Food Insecurity and Alcohol Use Among Pregnant Women
at Alcohol-Serving Establishments in South Africa
Lisa A. Eaton
Eileen V. Pitpitan
Seth C. Kalichman
Kathleen J. Sikkema
Melissa H. Watt
Demetria N. Cain
Published online: 23 March 2013
Society for Prevention Research 2013
Abstract South Africa has the highest rate of fetal alcohol
syndrome (FAS) in the world. While efforts have been made
to curb the high rate of FAS, little is known about situational
factors that may contribute to alcohol use during pregnancy.
In the current paper, we focus on the role of food insecurity
and its relationship to alcohol use among pregnant women.
Women completed computer-assisted interviews. Generalized
linear modeling was used in all analyses. Women attending
alcohol-serving establishments in a township in Cape Town,
South Africa were recruited for the study. Five hundred sixty
women were sampled and 95 women reported being pregnant.
High levels of alcohol use were reported among pregnant
women: 65 % of women consumed alcohol at least every
month and 29 % consumed alcohol as often as two to three
times per week. Thirty-four percent of the women reported
having six or more drinks per occasion on at least a weekly
basis. The majority (87 %) of pregnant women reported
experiencing some form of food insecurity (e.g., food
unavailable, eating less) in the past month. Alcohol use was
significantly associated with food insecurity, even when con-
trolling for relevant demographic variables. Intervention with
pregnant women who consume alcohol is urgently needed.
Future research should focus on understanding the intersec-
tion of food insecurity and alcohol, and how the experience of
food insecurity may contribute to greater rates of alcohol use
and abuse among pregnant women.
Keywords Food insecurity
Alcohol use among pregnant women residing within South
African townships is prevalent and alarming (Eaton et al.
2012; May et al. 2007; Morojele et al. 2010; Rosenthal et al.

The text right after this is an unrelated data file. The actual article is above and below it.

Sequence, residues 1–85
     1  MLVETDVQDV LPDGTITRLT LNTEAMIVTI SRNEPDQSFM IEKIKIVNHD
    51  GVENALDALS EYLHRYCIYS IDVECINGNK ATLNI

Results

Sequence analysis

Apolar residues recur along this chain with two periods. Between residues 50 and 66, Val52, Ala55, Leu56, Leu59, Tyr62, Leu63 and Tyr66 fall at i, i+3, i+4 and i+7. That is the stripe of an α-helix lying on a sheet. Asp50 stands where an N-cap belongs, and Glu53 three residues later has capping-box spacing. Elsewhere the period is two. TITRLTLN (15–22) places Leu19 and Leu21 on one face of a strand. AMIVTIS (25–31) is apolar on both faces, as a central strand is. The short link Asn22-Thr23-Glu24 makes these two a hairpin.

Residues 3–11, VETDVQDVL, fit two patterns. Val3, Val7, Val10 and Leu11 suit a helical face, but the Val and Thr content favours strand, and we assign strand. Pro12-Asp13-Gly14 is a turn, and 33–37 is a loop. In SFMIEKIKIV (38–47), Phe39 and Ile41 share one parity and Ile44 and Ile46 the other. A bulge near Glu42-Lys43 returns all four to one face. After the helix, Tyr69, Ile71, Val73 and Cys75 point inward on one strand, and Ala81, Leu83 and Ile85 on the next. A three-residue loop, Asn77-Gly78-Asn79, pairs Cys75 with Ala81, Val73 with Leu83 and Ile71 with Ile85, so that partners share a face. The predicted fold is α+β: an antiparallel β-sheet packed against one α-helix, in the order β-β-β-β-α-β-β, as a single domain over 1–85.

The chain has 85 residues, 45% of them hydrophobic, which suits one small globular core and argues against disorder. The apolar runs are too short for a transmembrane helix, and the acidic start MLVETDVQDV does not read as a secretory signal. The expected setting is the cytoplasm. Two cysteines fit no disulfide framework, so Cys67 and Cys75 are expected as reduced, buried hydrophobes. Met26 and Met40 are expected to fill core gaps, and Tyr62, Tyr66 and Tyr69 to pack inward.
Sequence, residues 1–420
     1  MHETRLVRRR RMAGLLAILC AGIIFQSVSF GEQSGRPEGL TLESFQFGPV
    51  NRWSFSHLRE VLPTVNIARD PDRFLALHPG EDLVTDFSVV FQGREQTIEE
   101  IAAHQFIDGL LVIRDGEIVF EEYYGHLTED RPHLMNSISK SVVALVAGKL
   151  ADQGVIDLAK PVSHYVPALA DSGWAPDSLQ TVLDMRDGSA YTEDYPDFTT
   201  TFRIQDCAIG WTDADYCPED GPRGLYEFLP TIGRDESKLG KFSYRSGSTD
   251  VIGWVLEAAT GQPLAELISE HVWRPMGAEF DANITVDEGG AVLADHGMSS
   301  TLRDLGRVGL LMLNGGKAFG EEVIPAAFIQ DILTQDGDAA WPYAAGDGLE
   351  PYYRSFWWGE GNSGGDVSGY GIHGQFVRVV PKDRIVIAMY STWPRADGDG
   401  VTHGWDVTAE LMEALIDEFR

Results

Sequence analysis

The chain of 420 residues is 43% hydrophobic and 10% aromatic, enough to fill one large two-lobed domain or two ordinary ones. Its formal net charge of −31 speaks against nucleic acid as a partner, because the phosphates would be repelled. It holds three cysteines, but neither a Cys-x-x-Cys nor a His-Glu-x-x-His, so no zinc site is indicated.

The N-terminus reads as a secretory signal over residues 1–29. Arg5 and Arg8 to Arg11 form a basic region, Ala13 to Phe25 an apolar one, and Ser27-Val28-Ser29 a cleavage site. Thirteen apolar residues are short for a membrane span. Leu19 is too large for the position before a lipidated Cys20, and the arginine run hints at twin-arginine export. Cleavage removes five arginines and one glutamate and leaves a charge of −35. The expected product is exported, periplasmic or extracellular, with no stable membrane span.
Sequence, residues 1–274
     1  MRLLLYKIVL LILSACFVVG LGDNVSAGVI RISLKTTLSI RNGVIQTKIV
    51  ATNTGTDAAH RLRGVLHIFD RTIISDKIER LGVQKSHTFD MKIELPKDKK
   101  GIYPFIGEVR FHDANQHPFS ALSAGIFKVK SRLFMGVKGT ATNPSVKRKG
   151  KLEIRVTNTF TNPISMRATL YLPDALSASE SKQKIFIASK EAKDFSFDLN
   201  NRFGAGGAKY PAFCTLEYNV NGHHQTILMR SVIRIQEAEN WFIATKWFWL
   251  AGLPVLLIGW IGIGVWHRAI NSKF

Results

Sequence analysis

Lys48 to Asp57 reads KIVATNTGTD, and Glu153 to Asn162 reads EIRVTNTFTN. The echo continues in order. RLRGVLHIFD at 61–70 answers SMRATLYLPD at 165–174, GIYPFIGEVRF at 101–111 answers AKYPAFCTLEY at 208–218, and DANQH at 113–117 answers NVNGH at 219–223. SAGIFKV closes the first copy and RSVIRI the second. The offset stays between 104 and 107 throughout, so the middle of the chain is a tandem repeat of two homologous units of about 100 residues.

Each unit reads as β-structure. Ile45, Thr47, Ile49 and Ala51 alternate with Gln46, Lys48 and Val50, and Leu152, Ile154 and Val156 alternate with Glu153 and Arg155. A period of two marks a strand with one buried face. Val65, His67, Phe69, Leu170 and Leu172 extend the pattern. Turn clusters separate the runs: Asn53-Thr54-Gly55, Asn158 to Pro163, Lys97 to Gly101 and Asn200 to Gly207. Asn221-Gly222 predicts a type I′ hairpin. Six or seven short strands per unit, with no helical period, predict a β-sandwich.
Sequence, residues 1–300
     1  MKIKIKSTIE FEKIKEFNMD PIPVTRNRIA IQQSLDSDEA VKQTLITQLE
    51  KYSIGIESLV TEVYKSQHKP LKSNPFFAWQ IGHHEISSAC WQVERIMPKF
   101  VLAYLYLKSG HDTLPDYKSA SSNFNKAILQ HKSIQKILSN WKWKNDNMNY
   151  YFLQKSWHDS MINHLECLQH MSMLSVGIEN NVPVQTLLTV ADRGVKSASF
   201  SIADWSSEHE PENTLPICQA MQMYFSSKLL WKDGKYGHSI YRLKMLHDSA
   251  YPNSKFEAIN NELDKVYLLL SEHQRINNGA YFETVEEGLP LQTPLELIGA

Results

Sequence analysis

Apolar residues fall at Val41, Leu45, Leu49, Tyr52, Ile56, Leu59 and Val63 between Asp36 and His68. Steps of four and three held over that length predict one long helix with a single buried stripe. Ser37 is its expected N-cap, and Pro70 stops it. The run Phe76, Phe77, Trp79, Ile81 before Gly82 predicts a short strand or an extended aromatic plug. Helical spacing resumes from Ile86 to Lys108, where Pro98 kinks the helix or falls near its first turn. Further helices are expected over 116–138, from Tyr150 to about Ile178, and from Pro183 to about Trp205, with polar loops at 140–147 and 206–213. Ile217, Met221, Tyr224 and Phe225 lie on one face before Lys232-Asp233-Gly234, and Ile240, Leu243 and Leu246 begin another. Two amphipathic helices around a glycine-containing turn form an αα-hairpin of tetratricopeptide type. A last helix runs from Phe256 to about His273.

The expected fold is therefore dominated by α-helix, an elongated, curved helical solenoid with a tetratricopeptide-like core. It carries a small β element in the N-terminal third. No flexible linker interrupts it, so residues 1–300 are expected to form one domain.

2005). Rates of fetal alcohol syndrome (FAS) in South
Africa are the highest in the world (Viljoen et al. 2003).
The Western Cape Province of South Africa in particular has
the highest rates of FAS ranging from 43.8–89.2 per 1,000
children; by comparison, the United States and Canada
have rates generally observed at 1 per 1,000 children
(May et al. 2000; 2007; 2009; Viljoen et al. 2005). FAS
is directly linked to a multitude of negative health out-
comes including deficiencies in the growth and development
of cognitive and physical capabilities, particularly damage to
the central nervous system. The effects of FAS are life-long
with only limited treatment available (Adnams et al. 2001;
Kodituwakku et al. 2006; Peltzer et al. 2006). Furthermore,
economy and health care system (Crede et al. 2010).
Heavy alcohol use occurs in informal drinking establish-
ments or shebeens and taverns within many townships in
South Africa (Kalichman et al. 2007a; b; 2008a, b; c;
Schneider et al. 2007; Suliman et al. 2010). As such,
South Africa has high rates of hazardous drinking.
Although the proportion of South Africans who drink alco-
hol is fairly low (in a national household survey just 39 % of
men and 16 % of women reported alcohol use in the past
year), South Africa has one of the highest per-capita rates of
alcohol consumption in the world among those who do
This project was supported by National Institute of Alcohol Abuse and
Alcoholism grant R01 AA018074.
L. A. Eaton (*)
E. V. Pitpitan
S. C. Kalichman
D. N. Cain
Center for Health, Intervention and Prevention,
University of Connecticut, 2006 Hillside Rd,
Storrs, CT 06269-1020, USA
K. J. Sikkema
M. H. Watt
Duke University, Durham, NC, USA
Stellenbosch University, Cape Town, South Africa
Prev Sci (2014) 15:309–317